Back in the 70's and 80's, an Amex charge card really was essential for business travellers. The slogan 'don't leave home without it' was good advice. The Visa/MasterCard systems simply did not have the level of international acceptance with airlines, hotels etc. If you had tried to use an Access or Barclaycard in many countries in, for example, a major hotel you would have got nowhere. The Amex card would have done nicely though. Similarly, most airlines worldwide would accept Amex while those accepting Access or Barclaycard were very limited.
    In the 90's things changed. Mastercards and Visa cards became much more internationally acceptable. Amex lost their major advantage.
    Their product range has changed, offering credit cards along with the charge cards. Credit cards with incentives that only they can offer as they charge the merchants higher fees.
    Acceptability can be a problem and affects some people more than others. I no longer hold any Amex issued product as a result of a row with Amex over acceptability problems, which to an extent were specific to me. It got to the point where it appeared that I was paying a high fee for a charge card that I had to have arguments with merchants (who accepted the card) to actually get them to accept it. They were constantly saying things like 'don't you have a MasterCard or Visa. Amex charge us too much' or words to that effect.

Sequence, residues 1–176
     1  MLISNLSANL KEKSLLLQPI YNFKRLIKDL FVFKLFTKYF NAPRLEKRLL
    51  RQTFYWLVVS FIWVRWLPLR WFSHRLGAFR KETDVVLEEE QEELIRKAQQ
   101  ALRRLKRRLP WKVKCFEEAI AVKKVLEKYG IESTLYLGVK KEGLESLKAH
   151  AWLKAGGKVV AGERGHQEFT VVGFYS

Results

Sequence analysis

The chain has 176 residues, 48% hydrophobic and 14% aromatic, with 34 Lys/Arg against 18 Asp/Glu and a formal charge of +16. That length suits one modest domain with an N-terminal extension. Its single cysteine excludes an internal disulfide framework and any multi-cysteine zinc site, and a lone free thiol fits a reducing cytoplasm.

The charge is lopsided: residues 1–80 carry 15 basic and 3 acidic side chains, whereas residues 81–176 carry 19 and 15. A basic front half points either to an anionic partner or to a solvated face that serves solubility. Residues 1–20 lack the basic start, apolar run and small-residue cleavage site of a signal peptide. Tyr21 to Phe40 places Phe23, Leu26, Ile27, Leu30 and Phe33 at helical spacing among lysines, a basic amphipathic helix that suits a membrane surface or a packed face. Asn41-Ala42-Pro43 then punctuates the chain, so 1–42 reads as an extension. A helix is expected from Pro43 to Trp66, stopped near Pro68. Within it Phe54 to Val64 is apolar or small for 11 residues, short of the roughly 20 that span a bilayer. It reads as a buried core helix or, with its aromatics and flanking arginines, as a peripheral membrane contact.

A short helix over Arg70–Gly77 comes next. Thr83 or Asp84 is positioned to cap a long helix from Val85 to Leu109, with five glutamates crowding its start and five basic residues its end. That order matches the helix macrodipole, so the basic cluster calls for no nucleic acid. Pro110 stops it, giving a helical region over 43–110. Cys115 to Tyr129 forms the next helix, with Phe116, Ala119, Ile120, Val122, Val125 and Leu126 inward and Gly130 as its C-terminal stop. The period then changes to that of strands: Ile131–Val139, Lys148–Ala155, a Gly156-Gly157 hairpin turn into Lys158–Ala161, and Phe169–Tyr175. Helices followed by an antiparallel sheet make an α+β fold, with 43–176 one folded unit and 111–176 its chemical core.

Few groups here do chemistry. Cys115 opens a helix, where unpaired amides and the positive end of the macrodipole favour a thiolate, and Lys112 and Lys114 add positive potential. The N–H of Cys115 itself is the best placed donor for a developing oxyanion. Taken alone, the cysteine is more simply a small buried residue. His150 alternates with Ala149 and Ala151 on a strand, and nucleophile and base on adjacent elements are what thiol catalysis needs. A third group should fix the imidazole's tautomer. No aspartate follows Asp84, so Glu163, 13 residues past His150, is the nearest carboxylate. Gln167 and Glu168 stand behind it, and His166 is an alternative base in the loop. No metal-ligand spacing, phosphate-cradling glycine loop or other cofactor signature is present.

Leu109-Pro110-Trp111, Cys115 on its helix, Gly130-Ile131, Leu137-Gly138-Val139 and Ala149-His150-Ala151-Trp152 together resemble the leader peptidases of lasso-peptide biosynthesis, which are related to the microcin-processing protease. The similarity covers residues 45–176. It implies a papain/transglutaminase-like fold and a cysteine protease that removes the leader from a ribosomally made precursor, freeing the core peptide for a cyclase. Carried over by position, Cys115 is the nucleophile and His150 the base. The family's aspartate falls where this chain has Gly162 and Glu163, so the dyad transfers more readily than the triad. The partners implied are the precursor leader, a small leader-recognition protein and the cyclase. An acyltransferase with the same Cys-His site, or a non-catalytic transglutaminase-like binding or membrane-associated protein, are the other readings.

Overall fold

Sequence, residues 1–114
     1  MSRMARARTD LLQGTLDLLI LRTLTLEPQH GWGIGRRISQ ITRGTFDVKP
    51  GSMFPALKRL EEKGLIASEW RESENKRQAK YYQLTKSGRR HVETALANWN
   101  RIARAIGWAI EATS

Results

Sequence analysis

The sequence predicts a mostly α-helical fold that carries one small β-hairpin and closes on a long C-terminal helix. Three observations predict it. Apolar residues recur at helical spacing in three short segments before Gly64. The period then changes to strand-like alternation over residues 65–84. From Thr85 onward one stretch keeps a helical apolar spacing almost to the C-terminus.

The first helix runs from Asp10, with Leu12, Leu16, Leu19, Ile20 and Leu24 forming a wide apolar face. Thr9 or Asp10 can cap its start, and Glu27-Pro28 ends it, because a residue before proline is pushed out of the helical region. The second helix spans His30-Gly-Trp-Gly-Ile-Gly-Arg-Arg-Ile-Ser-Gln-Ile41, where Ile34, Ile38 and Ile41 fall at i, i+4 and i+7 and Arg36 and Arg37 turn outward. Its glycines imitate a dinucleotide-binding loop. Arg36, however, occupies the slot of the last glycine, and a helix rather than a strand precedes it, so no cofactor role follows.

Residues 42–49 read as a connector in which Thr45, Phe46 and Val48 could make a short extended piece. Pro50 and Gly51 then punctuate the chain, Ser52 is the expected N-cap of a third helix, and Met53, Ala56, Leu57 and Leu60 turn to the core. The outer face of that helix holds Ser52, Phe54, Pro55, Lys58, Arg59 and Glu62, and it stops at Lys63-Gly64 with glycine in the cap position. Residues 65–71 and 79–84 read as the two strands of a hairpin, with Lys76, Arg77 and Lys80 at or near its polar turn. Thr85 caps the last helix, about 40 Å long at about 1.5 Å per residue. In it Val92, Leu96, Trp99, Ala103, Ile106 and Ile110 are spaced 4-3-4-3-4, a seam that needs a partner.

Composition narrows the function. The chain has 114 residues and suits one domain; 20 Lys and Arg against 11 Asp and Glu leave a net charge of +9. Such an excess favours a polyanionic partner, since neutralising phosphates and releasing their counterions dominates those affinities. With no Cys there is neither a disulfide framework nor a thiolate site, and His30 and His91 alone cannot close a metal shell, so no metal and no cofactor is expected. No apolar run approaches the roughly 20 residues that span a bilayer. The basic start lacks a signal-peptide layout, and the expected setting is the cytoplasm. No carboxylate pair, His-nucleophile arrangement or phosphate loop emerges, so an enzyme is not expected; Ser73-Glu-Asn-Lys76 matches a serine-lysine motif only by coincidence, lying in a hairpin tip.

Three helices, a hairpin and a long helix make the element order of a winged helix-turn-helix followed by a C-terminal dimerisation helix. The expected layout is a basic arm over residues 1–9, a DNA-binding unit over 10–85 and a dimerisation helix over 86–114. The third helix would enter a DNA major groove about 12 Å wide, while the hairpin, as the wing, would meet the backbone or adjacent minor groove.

There was also the problem of the charge card direct debits. Originally the statements came from Brighton and the direct debit was 21 days later. Then the direct debit was reduced to 14 days. Then to 7 days. Then they started posting the statements from Ft Lauderdale. I will never forget one morning in the late 90's. I was on my way to work. I was a bit late and the postman actually arrived before I left. There was an envelope with a Ft Lauderdale postmark. It contained my Amex charge card statement. Direct debit to be taken the next day.(this was of course pre-online statements or online banking). I tried to tell them this was not acceptable but they were not responsive and actually said that I should not be spending on the charge card unless I already had the money to pay in my account!